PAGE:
DISCLAIMER: I am not a tax professional nor an accountant. I've just dreamed enough that I really looked into it.

Edited to Add: Yes, it would be very nice to see his method.

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Do you regular winners worry about it? Should I be?

Thanks for any help and input.

Griff in Atlanta

Griff,

The quick and dirty answer is "no". It does not come into play as a baccarat player.

“W2-Gs are not required for winnings from table games such as blackjack, craps, pai gow, baccarat, and roulette, regardless of the amount.â€

However, with that said, one is SUPPOSED to report ALL income (including gambling) on their 1040, but obviously most do not.

If your wife hits a decent slot jackpot, I can assure you when they pay her, they will also hand her a 1099-G if the amount is over $1200.

For the rest of us, take the money and don't even worry about it until you're pulling $5000 a day, every day, from the tables.

Heck, $5000 a week, spread across a few casinos is WAY under the radar.

MVS

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No that is not right. You must LEGALLY pay taxes on ANY income regardless of the source. If you're not a moral and honest person, well the decision to declare your winnings is up to you but any income from any source is required by law to be declared.

Are you maybe asking "Does the casino collect taxes on winnings" and they most of the time do not.

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I believe that if you win over $10,000 in the casino regardless of where you play, the casino notifies the IRS. In the online casinos in NJ, if you win over $1,200 they email you a tax form and notify the IRS. I know this because I won $1,500 in the online casino. I have not yet had the luck of winning $10,000. AS conservative as I play, I don't ever anticipate it either.

Thank you MVS, this helps a lot. Just to confirm what you say here, I contacted another pro player by e-mail Monday and he said the tax you pay on table game winnings is ZERO and slot machine jackpots are the only thing taxable.

Peace,

Griff

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Maybe Ellis, way, oz, Kevin or mvs can add to this topic....this is a really great topic.

I know that the Seminole Hardrock gives me a form to fill out anytime I'm cashing over $9999. Per day regardless of where it came from...usually they ask me where I was playing and verify it with the pitboss....so I learned how to cash out over a period of several days....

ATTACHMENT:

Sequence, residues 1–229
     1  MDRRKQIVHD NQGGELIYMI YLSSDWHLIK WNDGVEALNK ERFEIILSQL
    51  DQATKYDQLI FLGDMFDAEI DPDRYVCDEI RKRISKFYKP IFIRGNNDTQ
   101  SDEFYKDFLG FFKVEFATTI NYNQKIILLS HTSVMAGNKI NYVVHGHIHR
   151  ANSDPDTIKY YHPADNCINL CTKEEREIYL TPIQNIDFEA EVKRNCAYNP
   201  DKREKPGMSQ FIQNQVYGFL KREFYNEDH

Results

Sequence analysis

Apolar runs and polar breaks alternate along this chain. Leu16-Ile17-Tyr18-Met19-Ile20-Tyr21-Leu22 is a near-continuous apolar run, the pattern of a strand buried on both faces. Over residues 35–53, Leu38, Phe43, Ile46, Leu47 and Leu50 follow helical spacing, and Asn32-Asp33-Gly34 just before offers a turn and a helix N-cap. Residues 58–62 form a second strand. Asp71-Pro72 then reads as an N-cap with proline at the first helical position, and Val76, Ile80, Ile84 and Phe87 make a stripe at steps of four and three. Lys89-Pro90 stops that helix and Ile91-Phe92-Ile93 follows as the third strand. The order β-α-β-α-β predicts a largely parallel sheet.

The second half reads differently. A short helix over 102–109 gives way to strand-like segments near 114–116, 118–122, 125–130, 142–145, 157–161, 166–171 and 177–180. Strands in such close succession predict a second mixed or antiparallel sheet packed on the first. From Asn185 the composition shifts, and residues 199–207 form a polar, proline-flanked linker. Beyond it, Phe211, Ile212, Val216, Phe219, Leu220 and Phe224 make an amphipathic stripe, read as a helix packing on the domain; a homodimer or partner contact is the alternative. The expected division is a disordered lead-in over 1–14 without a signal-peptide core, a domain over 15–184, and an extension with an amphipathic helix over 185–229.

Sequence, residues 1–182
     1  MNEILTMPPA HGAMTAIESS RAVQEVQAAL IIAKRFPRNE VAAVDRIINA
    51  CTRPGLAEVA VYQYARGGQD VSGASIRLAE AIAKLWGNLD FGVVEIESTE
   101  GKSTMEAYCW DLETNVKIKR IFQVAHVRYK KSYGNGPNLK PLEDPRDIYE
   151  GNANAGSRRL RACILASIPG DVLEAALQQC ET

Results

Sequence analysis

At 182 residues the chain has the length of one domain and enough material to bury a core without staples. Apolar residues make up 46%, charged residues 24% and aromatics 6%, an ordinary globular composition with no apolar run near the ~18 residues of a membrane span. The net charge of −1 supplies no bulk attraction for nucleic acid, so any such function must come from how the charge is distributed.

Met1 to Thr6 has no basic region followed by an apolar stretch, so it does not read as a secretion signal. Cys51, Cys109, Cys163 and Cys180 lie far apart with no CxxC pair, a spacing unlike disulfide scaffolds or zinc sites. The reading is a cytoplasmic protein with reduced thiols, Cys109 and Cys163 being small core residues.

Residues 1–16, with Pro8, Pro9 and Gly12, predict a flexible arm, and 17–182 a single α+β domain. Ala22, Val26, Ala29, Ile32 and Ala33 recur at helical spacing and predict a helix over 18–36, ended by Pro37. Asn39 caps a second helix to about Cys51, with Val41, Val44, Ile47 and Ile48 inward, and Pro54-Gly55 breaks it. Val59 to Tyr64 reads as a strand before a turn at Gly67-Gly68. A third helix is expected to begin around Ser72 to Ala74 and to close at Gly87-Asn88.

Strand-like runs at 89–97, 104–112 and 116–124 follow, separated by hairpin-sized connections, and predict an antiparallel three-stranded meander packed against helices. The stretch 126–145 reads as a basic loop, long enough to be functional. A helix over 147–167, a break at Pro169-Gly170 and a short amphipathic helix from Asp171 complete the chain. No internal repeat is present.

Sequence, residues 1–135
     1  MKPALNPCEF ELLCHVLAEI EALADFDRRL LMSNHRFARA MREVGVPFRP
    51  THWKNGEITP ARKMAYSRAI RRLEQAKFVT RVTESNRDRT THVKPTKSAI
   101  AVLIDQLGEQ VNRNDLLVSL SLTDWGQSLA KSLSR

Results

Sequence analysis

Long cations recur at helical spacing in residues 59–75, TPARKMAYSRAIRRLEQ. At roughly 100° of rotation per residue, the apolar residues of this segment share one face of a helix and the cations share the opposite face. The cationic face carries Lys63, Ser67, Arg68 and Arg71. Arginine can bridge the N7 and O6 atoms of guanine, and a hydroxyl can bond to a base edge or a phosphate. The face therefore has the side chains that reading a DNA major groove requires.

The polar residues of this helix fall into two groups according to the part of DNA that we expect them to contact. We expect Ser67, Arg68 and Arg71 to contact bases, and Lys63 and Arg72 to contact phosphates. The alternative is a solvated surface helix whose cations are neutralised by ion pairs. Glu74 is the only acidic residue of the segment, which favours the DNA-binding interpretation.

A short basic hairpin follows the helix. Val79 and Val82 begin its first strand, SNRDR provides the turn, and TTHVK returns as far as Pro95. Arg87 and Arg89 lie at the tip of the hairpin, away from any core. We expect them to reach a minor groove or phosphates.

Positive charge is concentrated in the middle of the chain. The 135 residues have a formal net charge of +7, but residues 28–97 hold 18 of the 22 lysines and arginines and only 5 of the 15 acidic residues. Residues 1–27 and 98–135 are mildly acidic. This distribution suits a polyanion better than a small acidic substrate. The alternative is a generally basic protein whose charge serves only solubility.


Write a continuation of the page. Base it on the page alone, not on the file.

But if the goal is to become part of the 10% , how do we best handle this aspect of the game....

What did Norm do when he won routinely in the high limit rooms?

Wonder what advice Ellis and others have for us on this topic.....

I yell "winner winner chicken dinner on all naturals"

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I have very little knowledge of tax on gambling winnings in the US, but as for we Aussies...we pay no Tax on gambling winnings even if it is our sole source of income.

My Accountant laughed and looked at me as if I'd lost my marbles when I broached the subject a few years ago...He's not laughing now.

I am however curious as to how I will be treated (taxation wise) when I play in the US. As an overseas visitor in your country, I'm hoping that I will be tax exempt.

If anyone can shed light on this aspect, it will be greatly appreciated.

Oz

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At least right now, no casino I know of takes out taxes on table games anymore. They used to take out taxes if you went to the cashier with $10,000 +.

But you could go to the window several times if need be. So taxes on table games only applied to huge winnings when the casino carried your chips to the window in chip trays. - Also avoidable. But they don't do that any more so no worries.

Technically, we are supposed to pay taxes on winnings but we are allowed to subtract all loses and expenses first.

The IRS is sorta between a rock and a hard place on this: If you go to a casino and win, they want you to pay taxes. BUT if you lose, you can't claim a loss. You can only subtract losses from winnings. That simply doesn't jell with most folks here.

Personally I think the IRS should stay out of it as they do in other countries. They are having enough image problems as it is.

Edited by Ellis
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You can only deduct expenses if you declare your job is a professional gambler and then you have to use a Schedule C to declare winnings, losses and expenses. If you're a hobbiest then you can only declare losses up to the amount of your winnings (i.e. NO LOSSES) and then you better have some really serious documentation.